John Craighead, a great legend of wildlife and wilderness conservation, died a few weeks ago shortly after his 100th birthday. Margaret, his beloved wife and equally skilled outdoors woman, died a few days later. A wonderful story about them appeared in the New Yorker this week.
While I was growing up in Portland, John and his twin brother Frank were my heroes — I practiced falconry and dreamt of following their footsteps into the wilderness. Decades later, I spent time with John helping to create the Pine Butte Swamp Preserve of The Nature Conservancy on the Rocky Mountain Front near Choteau, Montana. I served on John’s board when he created the Craighead Wildlife Wildlands Institute in the late 1970s. And we traveled together most winters in Latin America when I was president of The Nature Conservancy International.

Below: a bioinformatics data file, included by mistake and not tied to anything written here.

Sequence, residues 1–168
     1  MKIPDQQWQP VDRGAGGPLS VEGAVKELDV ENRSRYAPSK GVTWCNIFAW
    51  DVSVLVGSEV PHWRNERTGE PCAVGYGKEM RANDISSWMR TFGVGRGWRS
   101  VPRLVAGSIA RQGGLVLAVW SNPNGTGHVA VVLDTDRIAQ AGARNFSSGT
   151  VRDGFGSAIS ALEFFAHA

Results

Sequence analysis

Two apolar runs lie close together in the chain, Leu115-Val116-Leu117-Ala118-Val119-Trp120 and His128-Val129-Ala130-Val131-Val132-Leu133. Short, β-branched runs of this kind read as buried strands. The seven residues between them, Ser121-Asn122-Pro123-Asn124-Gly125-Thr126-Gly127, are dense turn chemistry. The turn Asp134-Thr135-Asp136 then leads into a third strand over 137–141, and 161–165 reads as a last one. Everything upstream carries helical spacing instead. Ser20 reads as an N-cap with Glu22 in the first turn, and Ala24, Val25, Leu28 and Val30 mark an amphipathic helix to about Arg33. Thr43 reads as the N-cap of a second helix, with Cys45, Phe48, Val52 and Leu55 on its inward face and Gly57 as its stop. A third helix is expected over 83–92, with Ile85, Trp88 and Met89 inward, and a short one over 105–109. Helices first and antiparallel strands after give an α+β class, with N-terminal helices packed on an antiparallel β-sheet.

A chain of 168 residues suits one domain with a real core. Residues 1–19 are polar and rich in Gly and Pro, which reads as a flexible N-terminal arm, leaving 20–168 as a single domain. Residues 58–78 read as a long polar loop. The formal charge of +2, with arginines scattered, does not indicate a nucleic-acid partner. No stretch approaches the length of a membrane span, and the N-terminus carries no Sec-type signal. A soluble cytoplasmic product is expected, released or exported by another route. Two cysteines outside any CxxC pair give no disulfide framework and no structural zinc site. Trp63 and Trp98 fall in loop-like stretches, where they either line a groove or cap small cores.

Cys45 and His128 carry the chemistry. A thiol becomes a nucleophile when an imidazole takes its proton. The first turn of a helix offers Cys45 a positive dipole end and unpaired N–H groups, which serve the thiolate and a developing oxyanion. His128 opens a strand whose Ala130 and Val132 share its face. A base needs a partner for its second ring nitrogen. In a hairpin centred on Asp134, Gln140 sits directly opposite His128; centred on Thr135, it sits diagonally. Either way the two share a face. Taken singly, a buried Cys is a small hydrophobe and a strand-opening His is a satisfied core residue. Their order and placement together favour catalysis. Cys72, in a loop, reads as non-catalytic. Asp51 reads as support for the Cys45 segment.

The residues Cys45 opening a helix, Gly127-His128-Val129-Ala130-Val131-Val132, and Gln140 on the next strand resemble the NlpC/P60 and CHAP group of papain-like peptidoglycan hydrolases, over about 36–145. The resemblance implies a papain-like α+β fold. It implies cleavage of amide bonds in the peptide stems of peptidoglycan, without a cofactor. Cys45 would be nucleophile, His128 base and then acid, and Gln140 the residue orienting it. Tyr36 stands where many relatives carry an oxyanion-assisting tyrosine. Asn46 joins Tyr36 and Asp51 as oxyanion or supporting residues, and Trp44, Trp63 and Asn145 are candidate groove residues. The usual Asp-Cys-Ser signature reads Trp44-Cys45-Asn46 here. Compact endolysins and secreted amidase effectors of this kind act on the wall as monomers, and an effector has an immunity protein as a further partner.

My son Sam and I shared some of these stories in our book, Cache: Creating Natural Economies.
On one memorable trip to Costa Rica with John, my wife Janie and our friend Sophie Engelhard came along. Not long after, Sophie joined us again along with John, Margaret, and their son, Derek, and others on a float trip down the Colorado River. Sophie and Derek were married not long thereafter, and are lifelong friends. A founding board member of Ecotrust, Sophie has made much of my work at The Nature Conservancy, Conservation International and Ecotrust possible through the generous support of her family’s foundation for over thirty years.
All of us at Ecotrust are saddened by the passing of John and Margaret and the Craighead family’s loss, while buoyed by their remarkable life-long contributions to science and conservation.
John Craighead, age 93, reads his poem entitled Listening:
Whoo whooooo whooo whoooo
Calls the great owl in the tree
Wish that I could fathom the woots that erupt from thee
They speak to other owls, I know
Telling them thus far, only can you go
But pose questions beyond boundaries, land and mate
Listening with heart and mind, they ask
What is our fate?